Borders and corners offer very good resolution at all tested apertures, with the borders just scratching excellent level at medium aperture settings.
The lens showed a small amount focus shift when stopping down (residual spherical aberration).
Please note that the MTF results are not directly comparable across the different systems!
Below is a simplified summary of the formal findings. The chart shows line widths per picture height (LW/PH) which can be taken as a measure for sharpness. If you want to know more about the MTF50 figures you may check out the corresponding Imatest Explanations
Chromatic Aberrations (CAs)
Chromatic aberrations (color shadows at harsh contrast transitions) are well controlled with an amount of almost 1 pixel at the image borders wide open down to just below 0.7 pixels stopped down.
One of the primary usage scenarios for a large aperture lens is to seperate the main subject from the background. In such an image the quality of the bokeh (out-of-focus blur) is of major significance.
The lens produces quite smooth background blur.
Background highlights are evenly filled and show only a tiny amount of outlining at the border. However, there are visible traces of bokeh fringing around highlights (see the next section).
Thanks to 7 rounded aperture blades, background highlights retain their circular shape at least for larger aperture setting. From f/4 onwards however the highlights start to show traces of a more polygonal shape, which becomes even more obvious at f/5.6 (and smaller apertures). Due to mechanical vignetting the highlights are slightly cut off towards the image corners wide open.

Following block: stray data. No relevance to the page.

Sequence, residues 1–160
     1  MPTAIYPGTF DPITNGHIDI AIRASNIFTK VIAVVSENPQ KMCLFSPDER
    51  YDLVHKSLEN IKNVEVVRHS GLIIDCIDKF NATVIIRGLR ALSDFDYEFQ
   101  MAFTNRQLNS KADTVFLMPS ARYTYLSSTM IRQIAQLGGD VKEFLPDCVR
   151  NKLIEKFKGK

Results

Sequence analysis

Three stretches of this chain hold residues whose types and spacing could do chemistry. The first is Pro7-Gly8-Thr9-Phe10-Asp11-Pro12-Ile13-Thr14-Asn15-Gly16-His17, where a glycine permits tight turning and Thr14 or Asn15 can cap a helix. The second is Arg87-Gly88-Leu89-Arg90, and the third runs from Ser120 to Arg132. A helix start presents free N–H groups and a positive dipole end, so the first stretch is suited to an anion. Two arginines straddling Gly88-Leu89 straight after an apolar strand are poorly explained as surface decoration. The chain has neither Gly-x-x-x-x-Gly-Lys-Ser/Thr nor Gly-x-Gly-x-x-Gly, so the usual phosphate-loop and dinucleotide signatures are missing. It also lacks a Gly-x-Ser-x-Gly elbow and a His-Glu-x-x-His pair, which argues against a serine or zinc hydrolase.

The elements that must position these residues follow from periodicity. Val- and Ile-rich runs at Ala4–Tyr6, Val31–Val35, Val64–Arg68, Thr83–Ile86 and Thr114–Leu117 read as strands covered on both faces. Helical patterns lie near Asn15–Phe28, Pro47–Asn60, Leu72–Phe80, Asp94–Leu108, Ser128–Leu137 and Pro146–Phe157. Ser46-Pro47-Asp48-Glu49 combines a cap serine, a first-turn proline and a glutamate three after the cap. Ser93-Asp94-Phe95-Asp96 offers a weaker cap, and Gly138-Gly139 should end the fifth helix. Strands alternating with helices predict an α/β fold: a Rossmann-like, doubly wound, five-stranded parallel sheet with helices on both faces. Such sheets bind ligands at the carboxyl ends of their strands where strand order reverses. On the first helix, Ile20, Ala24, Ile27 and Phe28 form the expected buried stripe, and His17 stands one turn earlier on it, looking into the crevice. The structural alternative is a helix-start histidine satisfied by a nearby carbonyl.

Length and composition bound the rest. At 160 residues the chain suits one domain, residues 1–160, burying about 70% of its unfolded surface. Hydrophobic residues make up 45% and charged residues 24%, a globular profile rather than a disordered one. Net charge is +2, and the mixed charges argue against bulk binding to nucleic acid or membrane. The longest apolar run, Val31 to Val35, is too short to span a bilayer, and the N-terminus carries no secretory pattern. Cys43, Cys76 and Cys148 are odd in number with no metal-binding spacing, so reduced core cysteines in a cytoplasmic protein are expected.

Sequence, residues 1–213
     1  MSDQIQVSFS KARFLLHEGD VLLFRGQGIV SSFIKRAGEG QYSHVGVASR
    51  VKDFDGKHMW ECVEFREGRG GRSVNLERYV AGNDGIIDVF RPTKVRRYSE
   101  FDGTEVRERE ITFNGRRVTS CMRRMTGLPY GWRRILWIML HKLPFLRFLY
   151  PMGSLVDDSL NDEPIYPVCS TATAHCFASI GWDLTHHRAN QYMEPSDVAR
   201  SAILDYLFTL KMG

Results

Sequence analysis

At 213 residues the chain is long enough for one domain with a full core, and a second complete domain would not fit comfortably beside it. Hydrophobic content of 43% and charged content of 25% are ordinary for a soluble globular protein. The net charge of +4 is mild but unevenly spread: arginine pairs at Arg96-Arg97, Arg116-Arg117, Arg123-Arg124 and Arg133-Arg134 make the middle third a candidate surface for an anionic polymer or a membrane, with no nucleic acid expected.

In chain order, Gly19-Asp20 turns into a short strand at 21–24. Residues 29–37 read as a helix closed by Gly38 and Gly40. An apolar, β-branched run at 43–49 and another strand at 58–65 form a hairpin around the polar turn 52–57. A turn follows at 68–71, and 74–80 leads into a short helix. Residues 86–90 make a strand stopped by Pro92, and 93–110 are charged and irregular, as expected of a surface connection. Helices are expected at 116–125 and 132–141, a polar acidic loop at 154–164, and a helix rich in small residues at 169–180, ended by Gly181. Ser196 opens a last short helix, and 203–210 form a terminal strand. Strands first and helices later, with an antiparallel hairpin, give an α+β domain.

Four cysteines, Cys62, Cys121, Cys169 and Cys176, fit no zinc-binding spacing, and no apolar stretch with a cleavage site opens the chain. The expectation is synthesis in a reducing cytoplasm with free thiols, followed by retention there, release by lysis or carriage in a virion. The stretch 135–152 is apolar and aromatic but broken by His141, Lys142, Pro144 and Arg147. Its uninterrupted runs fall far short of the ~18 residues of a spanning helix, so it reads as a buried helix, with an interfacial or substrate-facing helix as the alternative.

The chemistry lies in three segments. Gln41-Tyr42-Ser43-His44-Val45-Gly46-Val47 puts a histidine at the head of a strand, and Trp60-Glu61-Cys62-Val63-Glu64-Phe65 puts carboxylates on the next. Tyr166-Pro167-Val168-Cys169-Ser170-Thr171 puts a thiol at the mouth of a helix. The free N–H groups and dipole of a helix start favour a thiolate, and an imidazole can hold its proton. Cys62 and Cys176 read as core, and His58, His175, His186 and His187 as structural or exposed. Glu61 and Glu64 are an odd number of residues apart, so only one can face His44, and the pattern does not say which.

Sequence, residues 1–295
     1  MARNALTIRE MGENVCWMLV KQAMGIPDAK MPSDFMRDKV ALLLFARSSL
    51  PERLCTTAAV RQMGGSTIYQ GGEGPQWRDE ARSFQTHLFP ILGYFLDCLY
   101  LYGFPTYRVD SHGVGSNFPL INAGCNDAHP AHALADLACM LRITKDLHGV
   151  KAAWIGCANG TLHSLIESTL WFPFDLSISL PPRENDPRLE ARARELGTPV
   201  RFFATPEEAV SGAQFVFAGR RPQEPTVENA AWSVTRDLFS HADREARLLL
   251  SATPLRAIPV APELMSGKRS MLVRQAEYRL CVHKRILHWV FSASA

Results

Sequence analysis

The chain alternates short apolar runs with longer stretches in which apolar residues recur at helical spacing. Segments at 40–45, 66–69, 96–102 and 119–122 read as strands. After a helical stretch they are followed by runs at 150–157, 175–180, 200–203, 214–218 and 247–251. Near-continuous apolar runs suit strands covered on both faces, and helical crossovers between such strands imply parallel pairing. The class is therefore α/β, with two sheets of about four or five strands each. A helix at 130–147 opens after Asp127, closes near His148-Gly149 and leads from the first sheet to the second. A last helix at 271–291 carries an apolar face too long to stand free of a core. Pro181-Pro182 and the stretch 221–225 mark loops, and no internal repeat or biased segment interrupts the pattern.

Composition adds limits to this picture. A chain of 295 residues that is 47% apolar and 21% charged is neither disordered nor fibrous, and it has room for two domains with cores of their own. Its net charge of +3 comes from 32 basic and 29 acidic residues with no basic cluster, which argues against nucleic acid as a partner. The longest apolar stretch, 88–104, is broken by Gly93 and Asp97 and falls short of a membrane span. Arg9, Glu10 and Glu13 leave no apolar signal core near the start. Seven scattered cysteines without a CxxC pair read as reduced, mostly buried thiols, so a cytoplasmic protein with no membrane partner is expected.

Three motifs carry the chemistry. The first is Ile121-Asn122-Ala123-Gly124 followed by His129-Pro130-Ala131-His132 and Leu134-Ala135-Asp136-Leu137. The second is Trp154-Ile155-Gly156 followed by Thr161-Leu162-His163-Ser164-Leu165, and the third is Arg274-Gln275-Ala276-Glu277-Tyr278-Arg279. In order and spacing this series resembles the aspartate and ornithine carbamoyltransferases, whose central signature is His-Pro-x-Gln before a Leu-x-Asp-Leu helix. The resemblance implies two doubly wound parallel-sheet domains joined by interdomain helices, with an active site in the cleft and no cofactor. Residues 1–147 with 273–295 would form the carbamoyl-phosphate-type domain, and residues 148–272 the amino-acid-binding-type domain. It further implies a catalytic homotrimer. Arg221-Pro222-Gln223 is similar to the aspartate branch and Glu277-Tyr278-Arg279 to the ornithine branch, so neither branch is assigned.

The general out-of-focus rendition is very smooth in the image background (shown to the left below), but bit more nervous in the foreground (to the right below), especially close to the transition zone from in-focus to out-of-focus areas.
Bokeh Fringing / LoCA
Bokeh fringing (non-coinciding focal planes of the various colors, also referred to as longitudinal chromatic aberration, or LoCA for short) is an axial color fringing effect and a common issue with relatively fast glass. It’s visible as halos of different colors in out-of-focus areas – magenta (red + blue) in front of the focus point and green beyond.
Typical for most fast primes, the AF-S 85 shows noticeable bokeh fringing at large aperture settings, which can of course be reduced by stopping down.
In addition, these shots also show the slight focus shift when stopping down, which was mentioned in the MTF section.
The following sample shots were RAW-converted in CaptureOne with lens corrections disabled.
The Nikkor AF-S 85mm f/1.8 G is an excellent lens that performs on a very high level in almost every regard. Sharpness is on a very high level in the image center straight from the largest aperture, the borders and corners deliver very good resolution throughout the tested aperture range.
Typical for a fast prime there is pronounced vignetting wide open, which can easily be cured by stopping down. The same applies to Bokeh fringing. CAs and distortion are very well controlled though. The biggest surprise is probably the bokeh quality, which is not right up there on the benchmark level set by 85mm f/1.4 lenses, but quite close.
The build quality is on a high level and in line with other Nikon consumer prime offerings. Thanks to an AF-S drive autofocus action is virtually silent and quite fast for a portrait lens.
So, in summary, for most subjects the lens performs very similar to faster 85/1.4 lenses, but at a fraction of the price. Certainly highly recommended!